Weddings were just as important in the forties and fifties as they are now but maybe not as extravagant. Long engagements weren't common among Pearlie's circle. Husbands were often chosen from the local neighbourhood. They didn't travel far in search of a spouse. I suppose too, better the devil you know....
Wedding presents consisted of pillowcases, bedspreads, blankets and cheval sets. Canteens of cutlery and china were popular gifts. One new bride boasted delightedly of receiving 'a fireside chair'.
They weren't just about weddings. There were letters from far-flung relations in Scotland, Canada and Australia. Some hinted, only hinted, at family scandal. I suppose 'reading between the lines' was a skill better understood in those days of paper and ink.
There was one far-flung cousin whose missives were a litany of woe from start to finish.
Recognising her scratchy hand-writing I said to Bert,
Here's another catalogue of misery from your one that's always sick, or her man's sick or the weans aren't well.I started to read. The letter started as usual with complaints about the weather, the strikes (it was the Winter of Discontent) and the dreary Christmas they'd had. Then she started to write about her husband's old aunt. This aunt was in hospital but not doing well. It appeared the old soul had dementia although the word wasn't mentioned. The letter writer and her husband had been having a dreadful time with her. She was waking all night, going out in her nightdress and threatening her neighbours with a potato masher. To make matters worse this old doll was a keen letter writer herself and she was sending missives around all the friends and relatives claiming that the ones closest to her were neglecting her, never coming near her and worse again, hitting her. It seemed that 'cheeky' letters were being written back to to the old aunt's carers accusing them of mistreating the old girl. Little wonder the letter continued '...and I am not a well woman myself. There are days I can hardly get out of my bed.' No doubt she was deeply depressed but depression, like dementia, would hardly have been acknowledged in those days.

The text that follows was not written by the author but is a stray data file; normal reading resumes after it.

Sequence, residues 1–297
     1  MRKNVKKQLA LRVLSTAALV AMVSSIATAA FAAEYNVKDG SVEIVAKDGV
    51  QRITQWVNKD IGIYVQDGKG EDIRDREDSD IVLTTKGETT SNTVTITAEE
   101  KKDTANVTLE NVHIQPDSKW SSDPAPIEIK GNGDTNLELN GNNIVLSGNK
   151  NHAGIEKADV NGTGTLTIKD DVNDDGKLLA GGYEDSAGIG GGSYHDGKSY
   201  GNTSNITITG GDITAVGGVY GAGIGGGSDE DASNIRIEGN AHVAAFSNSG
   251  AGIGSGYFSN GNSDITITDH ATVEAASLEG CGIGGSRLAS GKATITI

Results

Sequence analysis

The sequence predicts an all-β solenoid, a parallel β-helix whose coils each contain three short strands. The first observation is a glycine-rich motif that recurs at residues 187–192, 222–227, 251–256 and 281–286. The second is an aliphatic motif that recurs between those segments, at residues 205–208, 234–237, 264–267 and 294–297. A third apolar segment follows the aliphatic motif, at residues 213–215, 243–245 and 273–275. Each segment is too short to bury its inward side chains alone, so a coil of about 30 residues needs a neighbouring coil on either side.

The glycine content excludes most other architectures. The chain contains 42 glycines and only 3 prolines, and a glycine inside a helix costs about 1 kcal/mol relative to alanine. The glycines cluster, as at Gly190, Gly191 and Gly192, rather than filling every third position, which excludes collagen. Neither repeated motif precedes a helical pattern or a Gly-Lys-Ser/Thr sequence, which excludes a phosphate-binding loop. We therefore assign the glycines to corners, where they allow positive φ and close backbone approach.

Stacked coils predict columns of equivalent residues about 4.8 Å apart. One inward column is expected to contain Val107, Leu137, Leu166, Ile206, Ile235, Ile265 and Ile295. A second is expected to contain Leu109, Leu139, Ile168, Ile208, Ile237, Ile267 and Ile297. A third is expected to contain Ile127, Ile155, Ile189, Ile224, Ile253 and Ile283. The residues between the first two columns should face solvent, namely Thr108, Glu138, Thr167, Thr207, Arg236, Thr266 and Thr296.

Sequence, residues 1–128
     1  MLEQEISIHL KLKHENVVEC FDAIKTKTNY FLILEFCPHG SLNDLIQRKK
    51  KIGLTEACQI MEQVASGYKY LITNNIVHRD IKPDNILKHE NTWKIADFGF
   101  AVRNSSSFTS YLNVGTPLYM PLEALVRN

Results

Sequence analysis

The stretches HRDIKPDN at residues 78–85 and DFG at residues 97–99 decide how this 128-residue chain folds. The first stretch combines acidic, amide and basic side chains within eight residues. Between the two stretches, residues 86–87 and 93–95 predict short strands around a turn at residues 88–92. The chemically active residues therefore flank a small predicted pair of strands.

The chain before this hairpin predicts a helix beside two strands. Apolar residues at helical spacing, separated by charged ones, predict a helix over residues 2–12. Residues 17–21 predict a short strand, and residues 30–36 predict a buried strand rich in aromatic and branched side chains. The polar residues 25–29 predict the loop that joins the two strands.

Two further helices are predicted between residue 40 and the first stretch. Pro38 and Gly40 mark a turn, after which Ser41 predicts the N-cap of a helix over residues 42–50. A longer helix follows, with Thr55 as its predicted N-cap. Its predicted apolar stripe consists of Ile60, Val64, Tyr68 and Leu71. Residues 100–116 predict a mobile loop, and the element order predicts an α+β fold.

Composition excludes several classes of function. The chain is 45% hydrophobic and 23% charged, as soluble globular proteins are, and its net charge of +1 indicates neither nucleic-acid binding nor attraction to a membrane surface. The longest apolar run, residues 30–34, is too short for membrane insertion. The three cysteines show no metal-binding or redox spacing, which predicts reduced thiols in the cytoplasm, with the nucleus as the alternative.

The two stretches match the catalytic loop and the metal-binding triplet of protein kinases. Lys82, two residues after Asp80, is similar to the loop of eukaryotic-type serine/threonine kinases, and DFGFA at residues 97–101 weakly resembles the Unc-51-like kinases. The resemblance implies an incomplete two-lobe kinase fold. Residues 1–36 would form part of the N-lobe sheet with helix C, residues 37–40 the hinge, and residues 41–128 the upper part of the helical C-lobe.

Aye. And if they do happen to be enjoying a brief spell of good health then the weather's shite and he's out of work again.
I finished the letter feeling a great deal more sympathy for that long dead and put-upon woman.
Our troubles all come to an end eventually.
Pearlie spends a great deal of her time in one room. Her interests have narrowed. Her conversation is dreary and uninteresting. She spends her time doing simple puzzles or reading the bible. She eats hardly anything and is obsessed with her bowels. She is negative about everything. She cares very little for her appearance. She has no interest in the past or the future. Her youngest sister died just over a week ago and it hardly affected her.
Matty is different. She's still full of beans and I pray she will always be like that. She is interested in people and interested in the world. She cares what she looks like. Maybe she's a bit too fixated on her health problems but she tries hard to stay positive.
I wonder what kind of old, old lady I'll be. If it's the Pearlie kind I don't want to get there. If it's the Matty kind it might be alright. No matter what sort I become I hope there will be no-one peeking round my door in the morning watching my shallow, sleeping breaths and thinking to herself, 'Not dead yet.'